2. Condie D, Pandya AG. Lichen planus, nitidus, and striatus. In: Jackson-Richards D, Pandya AG, editors. Dermatology Atlas for Skin of Color [Internet]. Berlin, Heidelberg: Springer; 2014 [cited 2023 Nov 6]. p. 115–22. Available from: https://doi.org/10.1007/978-3-642-54446-0_22
  3. Summey BT, Cusack CA. Actinic lichen nitidus. Cutis. 2008 Mar 1;81(3):266–8.
  4. Chu J, Lam JM. Lichen nitidus. CMAJ [Internet]. 2014 Dec 9 [cited 2023 Nov 6];186(18):E688–E688. Available from: https://www.cmaj.ca/content/186/18/E688
  5. Kataria V, Singal A, Arora VK. Lichen nitidus associated with onychodystrophy and response to therapy: report of two cases. Skin Appendage Disord. 2019 Apr;5(3):158–61.
  6. Synakiewicz J, Polańska A, Bowszyc-Dmochowska M, Żaba RW, Adamski Z, Reich A, et al. Generalized lichen nitidus: a case report and review of the literature. Postepy Dermatol Alergol [Internet]. 2016 Dec [cited 2023 Nov 6];33(6):488–90. Available from: https://www.ncbi.nlm.nih.gov/pmc/articles/PMC5183789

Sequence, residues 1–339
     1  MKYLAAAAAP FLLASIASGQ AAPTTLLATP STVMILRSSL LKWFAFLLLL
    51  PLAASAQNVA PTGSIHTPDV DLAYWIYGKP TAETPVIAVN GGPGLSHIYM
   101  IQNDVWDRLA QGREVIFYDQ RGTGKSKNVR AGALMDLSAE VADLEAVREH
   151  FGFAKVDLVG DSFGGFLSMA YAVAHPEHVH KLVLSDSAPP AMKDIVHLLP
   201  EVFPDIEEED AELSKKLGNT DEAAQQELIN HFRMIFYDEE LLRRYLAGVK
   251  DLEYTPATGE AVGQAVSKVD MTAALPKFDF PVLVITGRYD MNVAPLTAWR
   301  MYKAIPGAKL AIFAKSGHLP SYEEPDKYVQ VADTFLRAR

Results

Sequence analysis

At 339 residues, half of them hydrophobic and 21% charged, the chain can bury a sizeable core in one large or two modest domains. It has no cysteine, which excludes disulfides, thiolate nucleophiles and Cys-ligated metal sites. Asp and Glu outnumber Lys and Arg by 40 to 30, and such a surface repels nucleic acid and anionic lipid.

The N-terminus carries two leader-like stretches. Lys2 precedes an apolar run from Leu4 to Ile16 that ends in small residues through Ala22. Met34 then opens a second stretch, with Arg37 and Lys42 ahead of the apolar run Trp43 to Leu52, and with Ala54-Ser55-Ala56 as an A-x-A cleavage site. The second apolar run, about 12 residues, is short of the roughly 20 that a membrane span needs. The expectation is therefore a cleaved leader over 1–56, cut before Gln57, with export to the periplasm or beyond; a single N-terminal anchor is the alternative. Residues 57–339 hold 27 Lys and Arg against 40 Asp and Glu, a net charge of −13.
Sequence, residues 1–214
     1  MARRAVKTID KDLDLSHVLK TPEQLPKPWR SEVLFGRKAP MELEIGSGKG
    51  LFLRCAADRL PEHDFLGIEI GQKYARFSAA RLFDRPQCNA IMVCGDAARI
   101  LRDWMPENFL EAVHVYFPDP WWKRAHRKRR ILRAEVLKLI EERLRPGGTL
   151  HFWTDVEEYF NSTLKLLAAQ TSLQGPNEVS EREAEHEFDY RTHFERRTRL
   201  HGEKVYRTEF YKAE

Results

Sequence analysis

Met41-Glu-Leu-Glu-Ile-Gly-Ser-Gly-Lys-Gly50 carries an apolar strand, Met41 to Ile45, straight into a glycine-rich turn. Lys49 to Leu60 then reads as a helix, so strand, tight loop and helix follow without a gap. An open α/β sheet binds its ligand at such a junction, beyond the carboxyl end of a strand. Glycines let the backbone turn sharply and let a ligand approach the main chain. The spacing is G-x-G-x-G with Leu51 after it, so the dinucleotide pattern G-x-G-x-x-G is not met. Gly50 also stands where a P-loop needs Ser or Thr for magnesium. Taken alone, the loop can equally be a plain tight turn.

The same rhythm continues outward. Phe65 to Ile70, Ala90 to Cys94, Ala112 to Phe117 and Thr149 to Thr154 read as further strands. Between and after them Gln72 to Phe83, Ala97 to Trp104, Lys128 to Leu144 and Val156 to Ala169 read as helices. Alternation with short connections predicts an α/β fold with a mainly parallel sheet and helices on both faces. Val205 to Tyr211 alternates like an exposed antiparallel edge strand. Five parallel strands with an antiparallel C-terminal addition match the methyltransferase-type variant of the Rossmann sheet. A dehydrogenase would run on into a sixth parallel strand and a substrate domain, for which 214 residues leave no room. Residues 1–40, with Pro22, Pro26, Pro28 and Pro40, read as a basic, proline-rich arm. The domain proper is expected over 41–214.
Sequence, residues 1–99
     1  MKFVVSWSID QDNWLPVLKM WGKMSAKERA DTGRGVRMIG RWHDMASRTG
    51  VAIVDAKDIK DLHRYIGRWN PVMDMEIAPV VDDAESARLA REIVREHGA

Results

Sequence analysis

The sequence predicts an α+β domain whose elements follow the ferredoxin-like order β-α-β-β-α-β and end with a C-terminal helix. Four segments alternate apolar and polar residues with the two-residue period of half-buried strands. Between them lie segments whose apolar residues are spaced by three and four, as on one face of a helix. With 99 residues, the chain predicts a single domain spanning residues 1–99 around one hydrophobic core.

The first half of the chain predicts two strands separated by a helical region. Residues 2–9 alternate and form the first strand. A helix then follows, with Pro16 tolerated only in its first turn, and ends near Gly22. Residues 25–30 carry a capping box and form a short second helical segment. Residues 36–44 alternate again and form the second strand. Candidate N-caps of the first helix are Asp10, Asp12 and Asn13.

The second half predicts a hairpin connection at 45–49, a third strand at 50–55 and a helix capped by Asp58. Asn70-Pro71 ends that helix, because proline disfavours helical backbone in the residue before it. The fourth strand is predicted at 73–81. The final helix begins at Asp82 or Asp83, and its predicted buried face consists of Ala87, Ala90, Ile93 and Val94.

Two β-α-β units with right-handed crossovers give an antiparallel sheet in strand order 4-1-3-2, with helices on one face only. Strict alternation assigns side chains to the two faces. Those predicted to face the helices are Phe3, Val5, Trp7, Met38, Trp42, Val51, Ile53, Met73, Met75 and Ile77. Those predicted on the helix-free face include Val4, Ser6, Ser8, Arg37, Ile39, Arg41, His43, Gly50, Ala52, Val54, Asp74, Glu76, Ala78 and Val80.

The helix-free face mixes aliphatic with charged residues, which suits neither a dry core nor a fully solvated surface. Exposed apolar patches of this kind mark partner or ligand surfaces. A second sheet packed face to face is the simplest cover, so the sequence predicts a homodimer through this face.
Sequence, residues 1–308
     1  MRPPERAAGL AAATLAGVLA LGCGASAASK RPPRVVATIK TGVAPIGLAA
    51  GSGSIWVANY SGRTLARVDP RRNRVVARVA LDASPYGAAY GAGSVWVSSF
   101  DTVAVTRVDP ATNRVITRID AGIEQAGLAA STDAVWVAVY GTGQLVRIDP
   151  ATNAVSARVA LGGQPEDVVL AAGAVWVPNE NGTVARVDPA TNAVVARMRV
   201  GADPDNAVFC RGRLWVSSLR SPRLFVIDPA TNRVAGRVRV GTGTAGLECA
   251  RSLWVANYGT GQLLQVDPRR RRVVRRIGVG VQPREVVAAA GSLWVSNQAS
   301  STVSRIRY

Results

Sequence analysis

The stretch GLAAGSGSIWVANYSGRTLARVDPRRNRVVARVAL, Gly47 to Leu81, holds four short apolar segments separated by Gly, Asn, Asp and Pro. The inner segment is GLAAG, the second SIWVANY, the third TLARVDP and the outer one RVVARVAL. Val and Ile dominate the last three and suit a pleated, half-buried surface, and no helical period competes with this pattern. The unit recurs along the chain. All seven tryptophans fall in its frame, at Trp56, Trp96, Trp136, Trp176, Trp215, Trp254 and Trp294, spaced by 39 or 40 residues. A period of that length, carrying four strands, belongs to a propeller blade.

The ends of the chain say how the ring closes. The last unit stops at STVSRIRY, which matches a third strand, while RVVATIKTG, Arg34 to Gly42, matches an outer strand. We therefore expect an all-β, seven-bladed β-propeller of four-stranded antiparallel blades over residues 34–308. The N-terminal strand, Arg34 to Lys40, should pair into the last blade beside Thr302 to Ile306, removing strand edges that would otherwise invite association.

7. Micali G, Lacarrubba F, Stinco G, Argenziano G, Neri I. Atlas of pediatric dermatoscopy. Springer; 2018. 247 p.

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This content is purely informational and isn’t medical guidance. It shouldn’t replace professional medical counsel. Always consult your physician regarding treatment risks and benefits. See our editorial standards for more details.

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Pippa Chapman

MSc, Immunology, University of Strathclyde

Pippa is a Cell Culture Scientist who after completing an MSc in Immunology has been employed in the biotechnology sector. She has a strong interest in medical research and the application of both conventional and holistic strategies to tackle today's most challenging health conditions.